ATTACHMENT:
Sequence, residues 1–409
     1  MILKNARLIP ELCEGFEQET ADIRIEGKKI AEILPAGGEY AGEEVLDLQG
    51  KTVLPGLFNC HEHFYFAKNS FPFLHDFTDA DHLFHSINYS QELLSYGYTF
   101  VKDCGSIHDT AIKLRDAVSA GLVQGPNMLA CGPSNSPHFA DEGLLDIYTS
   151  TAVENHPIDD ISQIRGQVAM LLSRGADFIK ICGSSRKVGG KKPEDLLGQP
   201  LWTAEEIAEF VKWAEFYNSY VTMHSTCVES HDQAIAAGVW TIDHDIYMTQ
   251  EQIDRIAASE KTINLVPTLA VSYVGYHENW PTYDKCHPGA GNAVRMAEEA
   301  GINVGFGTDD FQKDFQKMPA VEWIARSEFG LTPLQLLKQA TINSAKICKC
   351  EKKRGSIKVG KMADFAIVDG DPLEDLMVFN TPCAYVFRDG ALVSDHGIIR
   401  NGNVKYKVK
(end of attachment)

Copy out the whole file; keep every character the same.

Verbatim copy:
Sequence, residues 1–409
     1  MILKNARLIP ELCEGFEQET ADIRIEGKKI AEILPAGGEY AGEEVLDLQG
    51  KTVLPGLFNC HEHFYFAKNS FPFLHDFTDA DHLFHSINYS QELLSYGYTF
   101  VKDCGSIHDT AIKLRDAVSA GLVQGPNMLA CGPSNSPHFA DEGLLDIYTS
   151  TAVENHPIDD ISQIRGQVAM LLSRGADFIK ICGSSRKVGG KKPEDLLGQP
   201  LWTAEEIAEF VKWAEFYNSY VTMHSTCVES HDQAIAAGVW TIDHDIYMTQ
   251  EQIDRIAASE KTINLVPTLA VSYVGYHENW PTYDKCHPGA GNAVRMAEEA
   301  GINVGFGTDD FQKDFQKMPA VEWIARSEFG LTPLQLLKQA TINSAKICKC
   351  EKKRGSIKVG KMADFAIVDG DPLEDLMVFN TPCAYVFRDG ALVSDHGIIR
   401  NGNVKYKVK